So what is different about Obama? He came into office claiming to be a transformative president, one who would change the nation's course from the path it has been on since Reagan and onto the path of increasing government. Granted Obama turned out to me more of a partisan hack than an inspired leader but by the time that became obvious the Tea Party already existed. After years of being ignored by both parties, the small government advocates are not going to shut up and go home.

So, why did Robinson write this nasty column? He's probably depressed about the election and wanted to throw one more "racist" bomb at them out of frustration.


The polls are not closed yet and excuses are already being offered for the expected Democratic losses. My favorite, so far, is one from CBS News - Democrats' Problems in 2010 Started with 2008's Economic Collapse but I have to review some recent history to explain why.

Typically in a presidential election year, the Democrat leads the polls through the Summer, cresting with the Democratic convention. The Republican pulls ahead after their convention. After that the real race begins - will the Republican keep his lead or will it decline as soon as the convention ends? This does not include blow-out years where the challenger never had a chance against the incumbent but it does describe the 1980, 1988, 1992, 2000, and 2004 races.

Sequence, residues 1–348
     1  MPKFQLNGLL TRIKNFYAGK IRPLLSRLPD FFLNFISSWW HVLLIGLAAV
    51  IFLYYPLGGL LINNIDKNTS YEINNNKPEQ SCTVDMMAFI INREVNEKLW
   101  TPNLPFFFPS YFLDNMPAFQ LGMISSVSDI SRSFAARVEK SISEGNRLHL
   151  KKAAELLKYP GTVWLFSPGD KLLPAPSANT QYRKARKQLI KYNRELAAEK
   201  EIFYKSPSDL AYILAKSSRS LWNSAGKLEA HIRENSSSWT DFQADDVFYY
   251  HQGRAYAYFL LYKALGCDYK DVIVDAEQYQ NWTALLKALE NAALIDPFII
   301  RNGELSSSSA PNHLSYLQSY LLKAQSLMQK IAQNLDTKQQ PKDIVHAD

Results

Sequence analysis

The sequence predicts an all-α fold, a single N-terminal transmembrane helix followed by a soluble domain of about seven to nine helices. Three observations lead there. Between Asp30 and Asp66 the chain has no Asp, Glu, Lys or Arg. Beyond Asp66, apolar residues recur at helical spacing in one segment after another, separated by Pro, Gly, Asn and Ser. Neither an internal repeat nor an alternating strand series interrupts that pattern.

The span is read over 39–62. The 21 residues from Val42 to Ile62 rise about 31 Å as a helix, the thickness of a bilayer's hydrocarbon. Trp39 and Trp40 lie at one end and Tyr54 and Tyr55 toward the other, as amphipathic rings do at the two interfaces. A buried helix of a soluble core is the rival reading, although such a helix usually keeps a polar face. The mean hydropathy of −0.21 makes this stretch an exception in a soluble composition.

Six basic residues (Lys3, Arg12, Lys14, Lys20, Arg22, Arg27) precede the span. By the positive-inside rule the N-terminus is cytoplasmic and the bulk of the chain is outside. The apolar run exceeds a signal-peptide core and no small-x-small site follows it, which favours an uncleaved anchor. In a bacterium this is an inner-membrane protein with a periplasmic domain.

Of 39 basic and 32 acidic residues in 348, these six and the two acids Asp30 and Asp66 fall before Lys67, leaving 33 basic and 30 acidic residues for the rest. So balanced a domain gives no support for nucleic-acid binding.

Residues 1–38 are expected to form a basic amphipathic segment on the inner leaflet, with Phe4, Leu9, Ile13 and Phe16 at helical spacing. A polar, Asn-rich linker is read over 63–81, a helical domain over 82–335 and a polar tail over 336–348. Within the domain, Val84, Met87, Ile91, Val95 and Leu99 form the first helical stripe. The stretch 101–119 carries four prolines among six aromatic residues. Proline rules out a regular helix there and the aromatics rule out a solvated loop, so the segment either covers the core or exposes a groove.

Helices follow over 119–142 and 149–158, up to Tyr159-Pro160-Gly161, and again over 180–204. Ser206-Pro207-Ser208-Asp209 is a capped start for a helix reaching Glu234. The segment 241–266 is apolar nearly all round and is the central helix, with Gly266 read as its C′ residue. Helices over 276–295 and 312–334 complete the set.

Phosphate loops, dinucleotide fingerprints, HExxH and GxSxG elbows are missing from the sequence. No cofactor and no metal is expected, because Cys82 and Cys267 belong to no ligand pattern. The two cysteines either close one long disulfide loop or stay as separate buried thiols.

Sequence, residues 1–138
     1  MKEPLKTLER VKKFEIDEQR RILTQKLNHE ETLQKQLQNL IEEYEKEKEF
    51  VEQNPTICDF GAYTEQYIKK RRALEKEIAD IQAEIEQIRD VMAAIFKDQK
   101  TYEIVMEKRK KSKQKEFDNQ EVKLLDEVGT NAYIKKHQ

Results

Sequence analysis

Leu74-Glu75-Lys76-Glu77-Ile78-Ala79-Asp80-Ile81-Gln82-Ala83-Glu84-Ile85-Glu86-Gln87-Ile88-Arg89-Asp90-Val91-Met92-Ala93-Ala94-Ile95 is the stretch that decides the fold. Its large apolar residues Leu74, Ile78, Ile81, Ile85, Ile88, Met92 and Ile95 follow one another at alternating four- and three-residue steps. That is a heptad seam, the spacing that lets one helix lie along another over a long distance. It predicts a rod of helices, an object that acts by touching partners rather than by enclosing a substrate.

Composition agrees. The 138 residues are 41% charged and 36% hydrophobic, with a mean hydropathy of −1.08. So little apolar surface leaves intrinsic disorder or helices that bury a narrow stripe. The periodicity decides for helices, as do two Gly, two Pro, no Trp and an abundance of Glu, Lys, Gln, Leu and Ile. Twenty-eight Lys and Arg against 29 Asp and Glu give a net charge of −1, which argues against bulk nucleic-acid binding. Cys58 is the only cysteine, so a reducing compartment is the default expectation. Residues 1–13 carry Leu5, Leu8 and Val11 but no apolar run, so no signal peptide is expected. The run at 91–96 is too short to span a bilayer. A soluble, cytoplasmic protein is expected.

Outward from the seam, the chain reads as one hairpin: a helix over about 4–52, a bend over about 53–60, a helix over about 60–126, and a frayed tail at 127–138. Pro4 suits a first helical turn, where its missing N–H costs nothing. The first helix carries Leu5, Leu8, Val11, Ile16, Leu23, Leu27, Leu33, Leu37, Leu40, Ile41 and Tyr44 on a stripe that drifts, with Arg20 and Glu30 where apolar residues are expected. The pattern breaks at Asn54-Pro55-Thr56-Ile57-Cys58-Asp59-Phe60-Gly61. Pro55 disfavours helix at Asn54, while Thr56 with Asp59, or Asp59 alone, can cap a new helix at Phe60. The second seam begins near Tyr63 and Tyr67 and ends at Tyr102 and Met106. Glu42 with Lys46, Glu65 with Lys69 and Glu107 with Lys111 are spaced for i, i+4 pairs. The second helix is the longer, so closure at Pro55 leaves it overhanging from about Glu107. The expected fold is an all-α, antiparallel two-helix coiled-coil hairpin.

2008 seemed to be following the same pattern. Remember, Barack Obama did not outright win the primaries. Hillary Clinton won a lot of delegates before running out of money and she continued to win delegates through the last primary. It was only after she conceded that Obama had enough delegates to guarantee the nomination.

Another factor is that the candidate who sews up the nomination first usually wins. This is because that candidate has a united party behind him. McCain won the nomination months before Obama did and there was some fear that spurned women voters would flock to the Republicans, especially with a woman on the ballot.

During the Summer Obama was ahead in the polls but not by much. His lead was often smaller than the margin of error. Many analysis suspected that McCain was actually ahead but that respondents were afraid of sounding racist by telling pollsters that they were going to vote for McCain.

After the conventions, McCain was ahead in the polls.